Stairs can be dangerous especially for the very young and senior citizens. The consequences of a fall from the top of the steps to a story lower can be devastating. Even a fall at the bottom of the steps can cause a serious injury.
According to the April, 2018 American Journal of Emergency Medicine, over 1 million patients are treated in United States Emergency Rooms for stair-related falls each year. According to the National Safety Council’s Injury Facts, falls are the third leading cause of preventable deaths and the first leading cause of preventable nonfatal injuries in the United States.
The noted authority, John Templer, in The Staircase, Studies of Hazards, Falls and Safer Design, identifies falls on stairs, as they are designed and built, as some of the most dangerous artifacts in our environment. On page 15 of the book, he identifies Stair Maintenance (ice, snow, water, other substances on treats; articles left on stairs; broken tread; loose or torn carpet or covering; tread badly eroded; light broken or not switched on; loose nosing strip; and absent or broken handrail) and Stair Design and Construction (a single step; narrow treads; dimensional irregularity; inadequate illumination; risers that are too high or low; a step or stair in an unexpected place; no handrails; nosing strip that projects above the treat; slippery tread material; distracting views; and confusing patterns on the tread) as some of the most important factors that cause stair falls.
One case involved a temporary set of steps in a shopping mall. Measurement of the risers of the steps indicated that they varied in height from the bottom of the steps as follows: 5 3/4 inches; 5 3/4 inches; 5 3/4 inches; 5 inches; and 7 inches. A person climbing these stairs would encounter three successive steps with a uniform riser, then a fourth step with a lower riser, then a fifth step with an additional 2 inch higher riser. An injury resulted. The applicable building codes require riser height and tread width to be uniform throughout any flight of stairs.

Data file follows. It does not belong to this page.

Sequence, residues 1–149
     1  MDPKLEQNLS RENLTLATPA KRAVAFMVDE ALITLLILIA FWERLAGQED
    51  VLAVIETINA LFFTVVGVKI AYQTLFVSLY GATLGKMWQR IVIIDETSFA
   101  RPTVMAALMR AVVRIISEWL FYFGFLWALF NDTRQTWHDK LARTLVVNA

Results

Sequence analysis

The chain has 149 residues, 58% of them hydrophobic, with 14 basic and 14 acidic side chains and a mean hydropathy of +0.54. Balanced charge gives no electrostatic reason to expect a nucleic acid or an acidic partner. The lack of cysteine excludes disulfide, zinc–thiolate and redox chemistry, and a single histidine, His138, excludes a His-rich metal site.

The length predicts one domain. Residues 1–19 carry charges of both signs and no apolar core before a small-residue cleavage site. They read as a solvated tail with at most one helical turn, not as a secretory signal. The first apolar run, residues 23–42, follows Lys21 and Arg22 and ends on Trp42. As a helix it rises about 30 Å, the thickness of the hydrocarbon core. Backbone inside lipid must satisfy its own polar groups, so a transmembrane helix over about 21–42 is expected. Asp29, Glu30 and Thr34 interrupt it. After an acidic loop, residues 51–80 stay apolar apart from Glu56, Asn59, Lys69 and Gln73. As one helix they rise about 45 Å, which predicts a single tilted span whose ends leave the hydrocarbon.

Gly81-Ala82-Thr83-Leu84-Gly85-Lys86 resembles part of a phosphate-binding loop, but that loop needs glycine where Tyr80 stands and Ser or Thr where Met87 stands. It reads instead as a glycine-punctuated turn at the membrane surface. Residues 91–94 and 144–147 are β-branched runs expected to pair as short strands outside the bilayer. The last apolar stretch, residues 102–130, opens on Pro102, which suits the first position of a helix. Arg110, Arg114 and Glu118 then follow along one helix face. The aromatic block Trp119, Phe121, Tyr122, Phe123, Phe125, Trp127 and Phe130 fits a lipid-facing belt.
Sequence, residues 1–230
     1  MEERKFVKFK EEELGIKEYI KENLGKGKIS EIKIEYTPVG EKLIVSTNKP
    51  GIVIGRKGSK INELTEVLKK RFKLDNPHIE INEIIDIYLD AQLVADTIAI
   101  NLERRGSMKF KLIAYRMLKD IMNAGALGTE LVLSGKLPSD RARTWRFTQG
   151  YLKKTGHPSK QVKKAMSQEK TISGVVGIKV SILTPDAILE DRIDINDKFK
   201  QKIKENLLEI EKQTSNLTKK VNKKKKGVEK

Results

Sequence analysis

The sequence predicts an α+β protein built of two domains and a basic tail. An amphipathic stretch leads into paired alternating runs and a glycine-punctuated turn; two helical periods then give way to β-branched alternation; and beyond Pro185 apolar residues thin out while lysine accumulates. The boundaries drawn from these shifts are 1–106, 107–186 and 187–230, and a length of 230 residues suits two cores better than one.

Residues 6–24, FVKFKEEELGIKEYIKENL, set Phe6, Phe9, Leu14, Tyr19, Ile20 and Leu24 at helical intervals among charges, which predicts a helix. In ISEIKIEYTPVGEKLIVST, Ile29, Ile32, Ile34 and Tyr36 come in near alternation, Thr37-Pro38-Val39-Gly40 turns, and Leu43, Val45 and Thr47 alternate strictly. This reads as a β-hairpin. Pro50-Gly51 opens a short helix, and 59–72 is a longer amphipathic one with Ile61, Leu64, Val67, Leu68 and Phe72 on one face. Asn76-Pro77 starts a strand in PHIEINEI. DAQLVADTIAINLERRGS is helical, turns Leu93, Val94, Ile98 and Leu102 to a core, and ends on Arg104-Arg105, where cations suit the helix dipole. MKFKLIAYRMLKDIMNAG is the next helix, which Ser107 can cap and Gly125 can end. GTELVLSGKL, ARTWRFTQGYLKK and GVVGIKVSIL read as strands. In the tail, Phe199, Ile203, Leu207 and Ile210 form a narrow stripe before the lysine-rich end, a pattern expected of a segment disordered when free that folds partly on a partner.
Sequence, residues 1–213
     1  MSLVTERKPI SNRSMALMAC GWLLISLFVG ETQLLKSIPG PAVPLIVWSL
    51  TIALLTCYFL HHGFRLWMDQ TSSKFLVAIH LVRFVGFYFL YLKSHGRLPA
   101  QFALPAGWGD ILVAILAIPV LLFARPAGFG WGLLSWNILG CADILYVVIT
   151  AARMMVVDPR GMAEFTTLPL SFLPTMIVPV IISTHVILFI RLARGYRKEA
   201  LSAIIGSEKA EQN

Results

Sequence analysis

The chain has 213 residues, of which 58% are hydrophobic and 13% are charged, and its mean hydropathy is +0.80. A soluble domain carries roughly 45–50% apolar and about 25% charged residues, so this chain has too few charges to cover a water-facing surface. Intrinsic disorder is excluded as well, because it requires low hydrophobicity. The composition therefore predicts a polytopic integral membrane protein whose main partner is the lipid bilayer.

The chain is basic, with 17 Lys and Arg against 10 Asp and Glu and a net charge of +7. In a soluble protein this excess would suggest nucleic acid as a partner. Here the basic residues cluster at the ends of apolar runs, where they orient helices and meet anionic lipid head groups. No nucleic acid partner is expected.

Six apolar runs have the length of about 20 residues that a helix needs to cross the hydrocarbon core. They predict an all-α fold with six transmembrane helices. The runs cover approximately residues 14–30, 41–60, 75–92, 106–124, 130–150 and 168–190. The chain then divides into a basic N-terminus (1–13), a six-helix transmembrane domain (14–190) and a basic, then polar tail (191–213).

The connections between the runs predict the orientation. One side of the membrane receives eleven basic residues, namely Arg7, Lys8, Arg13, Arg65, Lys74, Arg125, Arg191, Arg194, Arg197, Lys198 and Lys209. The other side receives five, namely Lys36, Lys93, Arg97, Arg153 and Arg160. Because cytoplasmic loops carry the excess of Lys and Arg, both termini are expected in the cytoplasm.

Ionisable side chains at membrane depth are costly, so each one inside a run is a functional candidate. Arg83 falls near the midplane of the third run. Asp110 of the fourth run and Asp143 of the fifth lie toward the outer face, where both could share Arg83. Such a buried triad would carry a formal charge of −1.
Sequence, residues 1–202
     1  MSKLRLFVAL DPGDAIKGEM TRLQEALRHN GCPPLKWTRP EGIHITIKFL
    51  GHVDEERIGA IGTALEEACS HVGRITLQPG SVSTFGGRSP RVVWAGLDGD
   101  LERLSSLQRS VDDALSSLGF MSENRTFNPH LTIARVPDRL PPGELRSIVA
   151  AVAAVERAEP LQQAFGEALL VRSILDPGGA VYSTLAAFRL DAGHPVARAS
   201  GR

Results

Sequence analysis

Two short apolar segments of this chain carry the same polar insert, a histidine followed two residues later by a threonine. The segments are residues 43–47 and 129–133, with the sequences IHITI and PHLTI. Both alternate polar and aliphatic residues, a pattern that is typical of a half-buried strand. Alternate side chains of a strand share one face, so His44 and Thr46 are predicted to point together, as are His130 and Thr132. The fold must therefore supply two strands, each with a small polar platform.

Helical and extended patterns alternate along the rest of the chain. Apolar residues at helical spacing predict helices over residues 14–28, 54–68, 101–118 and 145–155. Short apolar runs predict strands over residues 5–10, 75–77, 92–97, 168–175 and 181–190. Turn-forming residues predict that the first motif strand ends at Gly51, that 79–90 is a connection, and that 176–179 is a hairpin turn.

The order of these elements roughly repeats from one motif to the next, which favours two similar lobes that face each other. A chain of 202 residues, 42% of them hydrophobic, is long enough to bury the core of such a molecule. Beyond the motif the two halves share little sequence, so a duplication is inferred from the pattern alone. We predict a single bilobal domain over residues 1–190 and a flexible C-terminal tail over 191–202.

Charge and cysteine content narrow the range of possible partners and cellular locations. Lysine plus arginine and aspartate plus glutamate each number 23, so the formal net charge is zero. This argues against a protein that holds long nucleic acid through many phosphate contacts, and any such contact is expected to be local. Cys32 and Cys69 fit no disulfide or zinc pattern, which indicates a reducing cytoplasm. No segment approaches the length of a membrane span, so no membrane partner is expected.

Another case involved what appeared to be homemade outdoor steps. The following defects were noted: there was no handrail; the porch carpet was torn near the steps; the carpet did not extend to the edge of the steps by ½ inch; the top thread was severely warped and rose upward in the rear of the step, creating a ski slope effect, especially dangerous if snow or ice was present; the top horizontal board on the porch did not extend to the edge of the porch, creating a ½ inch mini-riser at the top of the steps. Counting the mini-riser, the risers descending were ½ inch; 6 inches; 6 7/8 inches. Counting the mini-tread, the treads descending are: ½ inch; 11 inches; 11 1/3 inches; and 11 ½ inches. The carpet on the porch combined with no slip-resistance on the steps created a slipping hazard because of the change in the coefficient of friction.
Commonly encountered trip hazards include a single step riser. Such trip hazards should be eliminated to provide an unobstructed surface or sufficiently highlighted to attract the pedestrian’s attention. The unexpected and unmarked single step is a known tripping hazard. These steps may not be clearly seen because of placement, poor lighting or a visual merge with the extended walkway. One banquet facility had a single step near to the exit. The same carpet covered the entire floor, both before and after the single step. There were no obvious visual clues. Some codes prohibit less than three steps. Some single steps are obvious and clearly marked at the tread edge with noticeable warning markings. The single step is unexpected except in parking lots and at curbs.